[0072] During the cutting operation described above in relation to FIGS. 1 & 2, the tubular string 30 can be rotated to the right (clockwise as viewed from above), in order to rotate the cutting tool 32. In this example, the keys 90 will engage the splines 92 as depicted in FIG. 7. Thus, clockwise rotation of the upper packer section 40b causes the keys 90 to engage the splines 92 as depicted in FIG. 7, and this engagement causes the lower packer section 40a to rotate with the upper packer section 40b (torque being transferred from the upper to the lower packer section 40b,a).

[0073] Referring additionally now to FIGS. 8A-C, different operational configurations of the torque transfer arrangement of the packer 40 are representatively illustrated. In FIGS. 8A-C, side views of the keys 90 and inner mandrel 56 are depicted, apart from the remainder of the packer 40.

[0074] FIG. 8A depicts the configuration of FIG. 7 described above, in which the keys 90 contact the splines 92. In this configuration, clockwise rotation can be transferred from the upper packer section 40b to the lower packer section 40a.

[0075] FIG. 8B depicts a configuration in which the keys 90 are downwardly displaced relative to the splines 92. This configuration occurs when the packer 40 is set by displacing the upper packer section 40b downward relative to the lower packer section 40a.

[0076] Note that the keys 90 are now positioned between splines 94 formed on the inner mandrel 56. The splines 94 are circumferentially offset relative to the splines 92, so that the keys 90 can now be rotated a predetermined amount relative to the inner mandrel 56.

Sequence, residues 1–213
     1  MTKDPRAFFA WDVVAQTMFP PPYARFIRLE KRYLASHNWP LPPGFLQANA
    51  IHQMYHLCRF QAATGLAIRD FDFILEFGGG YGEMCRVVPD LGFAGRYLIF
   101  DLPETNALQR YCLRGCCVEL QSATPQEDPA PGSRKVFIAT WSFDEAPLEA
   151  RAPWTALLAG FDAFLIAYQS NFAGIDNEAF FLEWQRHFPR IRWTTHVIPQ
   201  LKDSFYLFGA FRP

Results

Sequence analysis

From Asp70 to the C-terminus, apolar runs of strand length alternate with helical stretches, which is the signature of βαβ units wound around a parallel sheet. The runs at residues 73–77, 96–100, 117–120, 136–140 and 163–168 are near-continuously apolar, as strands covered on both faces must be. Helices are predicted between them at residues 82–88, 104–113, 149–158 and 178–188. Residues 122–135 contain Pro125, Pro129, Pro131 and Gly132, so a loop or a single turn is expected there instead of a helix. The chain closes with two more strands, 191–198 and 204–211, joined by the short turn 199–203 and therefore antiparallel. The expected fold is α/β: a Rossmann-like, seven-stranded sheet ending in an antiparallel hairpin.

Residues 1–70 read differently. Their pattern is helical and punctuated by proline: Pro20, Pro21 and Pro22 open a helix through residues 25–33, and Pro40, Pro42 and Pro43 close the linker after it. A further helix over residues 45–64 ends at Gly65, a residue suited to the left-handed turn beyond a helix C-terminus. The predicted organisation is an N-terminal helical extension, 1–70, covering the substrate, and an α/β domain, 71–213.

[0077] FIG. 8C depicts a configuration in which the keys 90 have been rotated the predetermined amount relative to the inner mandrel 56. The keys 90 now contact the splines 94. This contact prevents further rotation of the keys 90 (and the remainder of the upper packer section 40b) relative to the inner mandrel 56 (and the remainder of the lower packer section 40a). After this rotation occurs, the packer 40 is still set. After the rotation, the upper packer section 40b is picked up to remove the compressive load used to set the packer 40. For example, picking up on the tubular string 30 at the surface relieves the compressive forces on the annular seal 50 and disengages the slips 52 to release the packer 40 from the casing 16. In this process, the keys 90 are again aligned with the splines 92, to enable torque transmission with the packer 40 unset (for example, for drilling ahead or milling).

[0078] Thus, when the packer 40 is in the unset configuration of FIG. 8A, torque can be transferred through the packer 40, and the lower packer section 40a rotates with the upper packer section 40b, with the keys 90 engaged with the splines 92. When the packer 40 is set, as in the FIG. 8B configuration, the keys 90 no longer engage the splines 92. And, when the upper packer section 40b is rotated clockwise relative to the lower packer section 40a after the packer 40 is set (as in the FIG. 8C configuration), the amount of rotation is limited by engagement of the keys 90 with the splines 94 (as described above, after the rotation, the upper packer section 40b is picked up to completely release the packer 40 from the casing 16).

[0079] Referring additionally now to FIGS. 9A-D, the packer 40 is representatively illustrated in successive longitudinal cross-sectional views. The packer 40 is in its set configuration as depicted in FIGS. 9A-D.

[0080] In FIG. 9A, it may be seen that the release ring 64 is now below the projections 62a on the collets 62. The lock 70 has been displaced downwardly with the upper packer section 40b, so that the pistons 70b are no longer aligned with the openings 56c in the inner mandrel 56 (as in the configuration of FIG. 6).

[0081] In FIG. 9B, it may be seen that the keys 90 are now positioned between the splines 94 on the mandrel 56 (as in the configuration depicted in FIG. 8B). In addition, an upper end of the lower mandrel section 56a is now received in a lock ring or grip device 96 retained in the housing section 60c. A shearable member 98 (a ring in this example) retains the grip device 96 in the housing section 60c.